A broader phenotype beyond cerebellar ataxia has been reported previously but either in case reports or in a large series in which all patients had cerebellar ataxia in addition to other findings.2 Descriptions previously reported have included brainstem disorders and myelopathy,2,12 peripheral neuropathy,2,13 motor neuronopathy,14 gastrointestinal dysmotility,15 cognitive impairment,2 downbeat nystagmus,16 and chorea17 occurring in the setting of PCA-1 IgG. One patient was reported to have normal cognition and fluctuating mesial temporal lobe abnormalities determined by use of magnetic resonance imaging.18 In contrast to our own series, 2 large series have reported ataxia to be present in all patients positive for PCA-1 IgG. In one series of 55 patients, coexisting neurological disorders were described as common but usually mild,2 and in the other series, all 50 patients were described as having an isolated pancerebellar syndrome.19
Consistent with previous neuropathological reports,20 autopsied centreal nervous system tissue from 2 patients in our study revealed multifocal inflammatory changes, with perivascular and parenchymal CD8+ cytotoxic T lymphocytes throughout the cerebellum, brainstem, spinal cord, and nerve rootlets. The occurrence of the patients' clinical, radiological, and pathological findings in these regions is consistent with published data indicating cdr2 in neocortical and brainstem neurons, in addition to the cerebellum,3 and the distribution of cdr2 proteins in mouse tissues, which was revealed in our study by PCA-1 IgG immunoreactivity (in the dorsal root ganglia, enteric nervous system, large neurons in the hippocampus and brainstem, and Schwann cells of the peripheral nervous system). This does not imply that PCA-1 IgG is pathogenic in vivo, but it does reveal the distribution of the neural protein from which antigenic peptides are derived for surface display on major histocompatibility complex class I proteins upregulated by proinflammatory cytokines.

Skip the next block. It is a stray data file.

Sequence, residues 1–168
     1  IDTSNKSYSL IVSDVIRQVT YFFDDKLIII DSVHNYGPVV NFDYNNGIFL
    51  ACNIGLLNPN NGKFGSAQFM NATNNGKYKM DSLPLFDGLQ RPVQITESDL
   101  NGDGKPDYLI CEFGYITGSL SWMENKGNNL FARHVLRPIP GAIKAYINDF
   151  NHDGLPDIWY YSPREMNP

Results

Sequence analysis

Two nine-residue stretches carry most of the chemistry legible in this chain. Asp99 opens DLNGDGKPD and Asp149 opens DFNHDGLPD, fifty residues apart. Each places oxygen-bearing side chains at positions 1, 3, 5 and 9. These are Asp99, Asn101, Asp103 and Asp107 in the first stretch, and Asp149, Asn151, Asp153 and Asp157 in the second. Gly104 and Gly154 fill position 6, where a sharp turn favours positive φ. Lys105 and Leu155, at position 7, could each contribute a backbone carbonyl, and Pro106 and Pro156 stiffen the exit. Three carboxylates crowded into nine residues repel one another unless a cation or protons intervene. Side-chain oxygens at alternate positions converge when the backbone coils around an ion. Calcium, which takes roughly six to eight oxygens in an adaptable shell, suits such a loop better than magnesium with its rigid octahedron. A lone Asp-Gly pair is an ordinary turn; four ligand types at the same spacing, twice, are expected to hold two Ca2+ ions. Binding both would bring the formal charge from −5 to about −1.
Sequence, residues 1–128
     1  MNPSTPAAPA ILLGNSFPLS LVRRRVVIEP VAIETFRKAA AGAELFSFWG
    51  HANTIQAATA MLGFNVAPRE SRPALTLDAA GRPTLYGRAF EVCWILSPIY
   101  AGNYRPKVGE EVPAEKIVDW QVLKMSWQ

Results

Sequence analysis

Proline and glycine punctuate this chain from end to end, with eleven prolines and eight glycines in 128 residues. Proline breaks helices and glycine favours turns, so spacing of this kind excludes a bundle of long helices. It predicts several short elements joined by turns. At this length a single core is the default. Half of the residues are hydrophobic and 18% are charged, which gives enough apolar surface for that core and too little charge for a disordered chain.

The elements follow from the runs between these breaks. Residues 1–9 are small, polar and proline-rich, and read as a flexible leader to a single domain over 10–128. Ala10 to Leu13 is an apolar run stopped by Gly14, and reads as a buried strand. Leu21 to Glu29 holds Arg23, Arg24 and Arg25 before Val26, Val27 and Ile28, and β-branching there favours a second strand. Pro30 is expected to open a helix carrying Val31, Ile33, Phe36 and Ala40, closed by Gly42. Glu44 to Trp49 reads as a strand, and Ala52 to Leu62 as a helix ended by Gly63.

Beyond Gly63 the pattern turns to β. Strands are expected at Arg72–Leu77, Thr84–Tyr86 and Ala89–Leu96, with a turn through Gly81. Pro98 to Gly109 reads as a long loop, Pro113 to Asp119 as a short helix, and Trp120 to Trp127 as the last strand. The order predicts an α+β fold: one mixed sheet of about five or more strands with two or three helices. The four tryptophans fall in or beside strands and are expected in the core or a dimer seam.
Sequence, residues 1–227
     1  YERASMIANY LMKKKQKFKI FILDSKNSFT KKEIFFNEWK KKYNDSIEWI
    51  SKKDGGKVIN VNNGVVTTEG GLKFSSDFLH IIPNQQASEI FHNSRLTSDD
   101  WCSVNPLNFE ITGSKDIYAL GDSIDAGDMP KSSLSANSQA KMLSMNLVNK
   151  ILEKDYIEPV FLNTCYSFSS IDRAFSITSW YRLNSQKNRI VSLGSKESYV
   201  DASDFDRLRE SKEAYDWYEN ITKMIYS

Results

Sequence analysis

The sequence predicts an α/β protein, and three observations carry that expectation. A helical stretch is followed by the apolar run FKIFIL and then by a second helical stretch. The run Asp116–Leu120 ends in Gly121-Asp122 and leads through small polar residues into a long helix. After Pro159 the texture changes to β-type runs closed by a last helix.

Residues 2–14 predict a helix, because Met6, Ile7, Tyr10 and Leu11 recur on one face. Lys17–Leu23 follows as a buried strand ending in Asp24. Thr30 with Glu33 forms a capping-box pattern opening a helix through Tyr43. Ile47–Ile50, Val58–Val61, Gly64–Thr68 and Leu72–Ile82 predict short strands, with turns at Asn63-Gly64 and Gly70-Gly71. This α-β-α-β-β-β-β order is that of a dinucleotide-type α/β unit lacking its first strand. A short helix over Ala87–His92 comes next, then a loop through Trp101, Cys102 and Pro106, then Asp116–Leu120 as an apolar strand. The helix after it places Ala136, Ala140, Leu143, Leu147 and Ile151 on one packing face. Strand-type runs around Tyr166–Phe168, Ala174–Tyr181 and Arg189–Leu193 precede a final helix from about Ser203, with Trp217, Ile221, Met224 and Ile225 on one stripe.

Consistent with early reports, the predominant oncological associations were müllerian and breast carcinomas, and exploratory surgery was frequently required to detect a müllerian malignant neoplasm prior to histological diagnosis.21 No patient had endometrial carcinoma, which is another documented oncological association of PCA-1. One patient is still alive 19 years after the onset of neurological symptoms. In contrast to the experience that we report here (and in contrast to our clinical experience of non–Mayo Clinic patients), an earlier publication reported death due to metastatic carcinoma in 12 of 23 patients positive for PCA-1 IgG (52%).22
Despite having a relatively favorable oncological prognosis, patients with PCA-1 autoimmunity generally had poor neurological outcomes, and immunotherapies played a limited role. Giometto et al23 found similar findings; among patients with paraneoplastic cerebellar degeneration, those who tested positive for PCA-1 IgG had a worse neurological prognosis than did patients who tested positive for other antibody types. Consistent with previous reports,2,24- 26 any perceived improvements following treatment were not sustained in most cases. Furthermore, the natural history of the disorder in many patients may be neurological stabilization after devastating disability has set in, and thus any perceived response to treatment may be hard to objectify. Improvements have been reported elsewhere following plasma exchange,11,27 cyclophosphamide therapy,11 intravenous immune globulin therapy,28 rituximab therapy,29 or combination therapy.30